February 2018


Since I have researched much on this family, and I feel a little confused about what information I have, I think it is time to do a re-start on the research.

First, I am looking at the “why” – why is this family important to research?

When looking through the diaries of Albert Henry Bringe, the grandfather of my husband, I found a name and address written on a page of the 1905 diary.  Since I am trying to determine other possible family members of Albert, it is important to know whether this person is family or friend.  After all, already discovered in the same diary is that Albert was traveling in 1905 – one page in the diary shows that Albert left Martin, Ohio, on 10 February 1905, left Cleveland, Oklahoma Territory, on 4 April 1905, and left Martin, Ohio, on April 13 1905.

 

 

So, who was Miss Charlotte Wolter, who resided at 2125 S. 40th Avenue in Chicago, Illinois?

More in my next post.

Maggie

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This photo was found in a stack of photographs.  The caption on the back of the photo reads:  “Grandpas cake 2 June 1958 75 years old”.

 

 

 

 

 

 

 

 

 

 

So, whose cake is this?  Who was born on 2 June 1883/84/82 – 1958 – 75 = 1883/84/82.

Since I have all of my family tree in FTM, I used the “Find Individual” tool.  I chose the Birth category, and put in the year 1883 (would enter 1884 or 1882 if need be on next search).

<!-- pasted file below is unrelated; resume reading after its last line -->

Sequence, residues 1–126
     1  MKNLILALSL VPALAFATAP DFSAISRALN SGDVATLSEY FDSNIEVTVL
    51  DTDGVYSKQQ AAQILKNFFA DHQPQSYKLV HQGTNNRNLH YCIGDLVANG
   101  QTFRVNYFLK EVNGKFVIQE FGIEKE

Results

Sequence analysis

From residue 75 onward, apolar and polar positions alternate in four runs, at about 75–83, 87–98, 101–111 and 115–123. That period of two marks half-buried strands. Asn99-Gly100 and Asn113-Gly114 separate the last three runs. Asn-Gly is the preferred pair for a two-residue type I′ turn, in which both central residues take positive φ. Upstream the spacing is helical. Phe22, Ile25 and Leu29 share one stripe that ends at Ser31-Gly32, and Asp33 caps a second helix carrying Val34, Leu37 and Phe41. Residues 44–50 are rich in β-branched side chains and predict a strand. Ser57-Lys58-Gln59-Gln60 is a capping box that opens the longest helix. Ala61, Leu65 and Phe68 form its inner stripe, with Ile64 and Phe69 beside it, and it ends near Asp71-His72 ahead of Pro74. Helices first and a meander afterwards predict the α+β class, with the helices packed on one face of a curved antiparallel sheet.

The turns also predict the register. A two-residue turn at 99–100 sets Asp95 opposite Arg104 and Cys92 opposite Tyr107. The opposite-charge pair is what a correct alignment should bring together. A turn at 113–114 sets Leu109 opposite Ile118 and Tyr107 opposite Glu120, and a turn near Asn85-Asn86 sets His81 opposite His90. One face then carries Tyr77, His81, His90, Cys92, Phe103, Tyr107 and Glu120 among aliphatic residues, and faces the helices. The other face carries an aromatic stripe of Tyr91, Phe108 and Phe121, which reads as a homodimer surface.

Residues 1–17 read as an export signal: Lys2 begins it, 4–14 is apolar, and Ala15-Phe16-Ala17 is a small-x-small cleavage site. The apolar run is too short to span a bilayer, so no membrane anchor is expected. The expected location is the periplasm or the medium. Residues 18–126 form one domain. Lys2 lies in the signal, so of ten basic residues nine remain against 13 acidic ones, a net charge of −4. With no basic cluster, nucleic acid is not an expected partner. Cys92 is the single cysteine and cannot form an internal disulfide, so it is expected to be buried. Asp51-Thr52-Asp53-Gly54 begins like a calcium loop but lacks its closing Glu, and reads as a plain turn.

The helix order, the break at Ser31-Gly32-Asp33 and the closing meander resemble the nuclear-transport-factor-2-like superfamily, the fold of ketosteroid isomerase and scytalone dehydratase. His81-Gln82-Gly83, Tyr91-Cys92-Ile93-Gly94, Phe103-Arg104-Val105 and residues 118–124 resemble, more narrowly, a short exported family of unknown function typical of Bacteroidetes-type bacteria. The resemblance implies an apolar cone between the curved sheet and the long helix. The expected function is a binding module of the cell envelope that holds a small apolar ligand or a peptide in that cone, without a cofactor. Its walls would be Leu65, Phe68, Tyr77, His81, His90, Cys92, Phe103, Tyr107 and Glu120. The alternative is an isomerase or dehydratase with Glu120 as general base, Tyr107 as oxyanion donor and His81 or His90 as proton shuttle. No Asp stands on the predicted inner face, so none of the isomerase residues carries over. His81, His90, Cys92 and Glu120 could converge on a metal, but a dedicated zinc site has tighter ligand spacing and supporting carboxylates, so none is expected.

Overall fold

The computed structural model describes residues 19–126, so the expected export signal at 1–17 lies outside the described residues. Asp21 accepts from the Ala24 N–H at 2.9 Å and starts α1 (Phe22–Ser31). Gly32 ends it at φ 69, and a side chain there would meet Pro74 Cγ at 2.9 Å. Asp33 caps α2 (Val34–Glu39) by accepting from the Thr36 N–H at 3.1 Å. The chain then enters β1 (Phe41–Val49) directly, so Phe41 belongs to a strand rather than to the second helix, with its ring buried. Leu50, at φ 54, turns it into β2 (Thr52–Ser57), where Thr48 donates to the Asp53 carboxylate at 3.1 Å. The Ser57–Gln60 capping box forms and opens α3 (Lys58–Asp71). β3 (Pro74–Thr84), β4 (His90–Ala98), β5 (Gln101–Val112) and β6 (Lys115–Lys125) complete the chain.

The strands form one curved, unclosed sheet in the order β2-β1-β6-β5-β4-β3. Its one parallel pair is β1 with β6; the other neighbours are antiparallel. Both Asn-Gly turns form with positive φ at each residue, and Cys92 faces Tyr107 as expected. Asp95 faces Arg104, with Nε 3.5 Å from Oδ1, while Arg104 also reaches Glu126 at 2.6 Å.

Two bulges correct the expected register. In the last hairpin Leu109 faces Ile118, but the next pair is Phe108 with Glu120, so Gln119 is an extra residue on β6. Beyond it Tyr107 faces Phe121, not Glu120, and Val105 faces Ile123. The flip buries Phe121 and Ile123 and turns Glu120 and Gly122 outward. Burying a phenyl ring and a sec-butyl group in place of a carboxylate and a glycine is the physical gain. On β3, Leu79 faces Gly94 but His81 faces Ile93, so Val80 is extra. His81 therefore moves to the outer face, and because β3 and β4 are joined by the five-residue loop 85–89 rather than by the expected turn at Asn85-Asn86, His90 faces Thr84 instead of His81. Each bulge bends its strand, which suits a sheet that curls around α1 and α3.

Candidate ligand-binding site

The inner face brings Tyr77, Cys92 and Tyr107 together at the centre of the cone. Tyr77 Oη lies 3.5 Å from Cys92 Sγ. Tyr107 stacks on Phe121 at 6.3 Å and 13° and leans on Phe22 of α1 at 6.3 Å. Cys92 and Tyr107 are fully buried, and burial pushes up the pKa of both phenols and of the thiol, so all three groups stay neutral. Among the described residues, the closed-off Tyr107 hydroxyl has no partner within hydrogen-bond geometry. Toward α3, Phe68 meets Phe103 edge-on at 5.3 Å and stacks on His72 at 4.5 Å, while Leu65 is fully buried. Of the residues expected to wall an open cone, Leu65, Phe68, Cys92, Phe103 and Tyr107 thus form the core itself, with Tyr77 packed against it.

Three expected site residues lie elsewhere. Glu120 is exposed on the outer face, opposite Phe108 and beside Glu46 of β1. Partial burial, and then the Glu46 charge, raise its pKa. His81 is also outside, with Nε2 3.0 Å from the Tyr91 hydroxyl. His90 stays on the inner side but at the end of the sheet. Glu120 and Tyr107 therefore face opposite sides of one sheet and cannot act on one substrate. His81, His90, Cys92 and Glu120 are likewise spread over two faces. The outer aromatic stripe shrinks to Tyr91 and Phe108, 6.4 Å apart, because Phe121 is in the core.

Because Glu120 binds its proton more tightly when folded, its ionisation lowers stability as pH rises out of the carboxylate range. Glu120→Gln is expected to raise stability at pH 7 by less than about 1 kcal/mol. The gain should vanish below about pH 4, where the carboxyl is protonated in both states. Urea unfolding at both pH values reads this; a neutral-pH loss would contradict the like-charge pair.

The name Albert Henry Bringe was in the results – entered into FTM as birth date 2 June 1883.

Now I know who “Grandpa” was!

Maggie

 

You have just found the grave site of your ancestor at findagrave.com!  Wow!

Along with the photo of the gravestone, there is much information – information that is NOT on the gravestone.

From where did this information come?  Is permission given for saving the photograph?

Contact the person or persons who contributed the information and photo.  They can tell you from where they got the information, and they can give permission for you to print out the photograph.

Maggie

 

Do you need to re-start the research on an ancestor?

Sometimes, when “stuck”, if you go back to the beginning and research anew, you may find things that you missed the first time.

I am preparing to do a re-start on a family.  I will be posting updates here in my blog.

Maggie

You may have seen this notation in a transcription.  Do you know what it means?

[sic] is used after a copied or quoted word that may appear odd or erroneous – it is used to show that the word is quoted exactly as it was in the original.

Maggie

When researching land records, do you know the difference between grantor and grantee?

The grantor is usually the person that had title to the real property, and was transferring it to the grantee.

And, there can be more than one grantor and grantee listed on the deed.  See the example below.

Maggie

Have you found different information for your ancestor on different documents?

Do not assume that any particular document has the correct information.  And, don’t automatically assume that you have a different person if the information is different.

Sometimes census records give different places of birth. The same records may give different ages, occupations, and other family members.  The two census records may be about the exact same person – information given by two different people.

Do not assume that just because the information doesn’t quite match that you are finding an entirely different person.

Maggie

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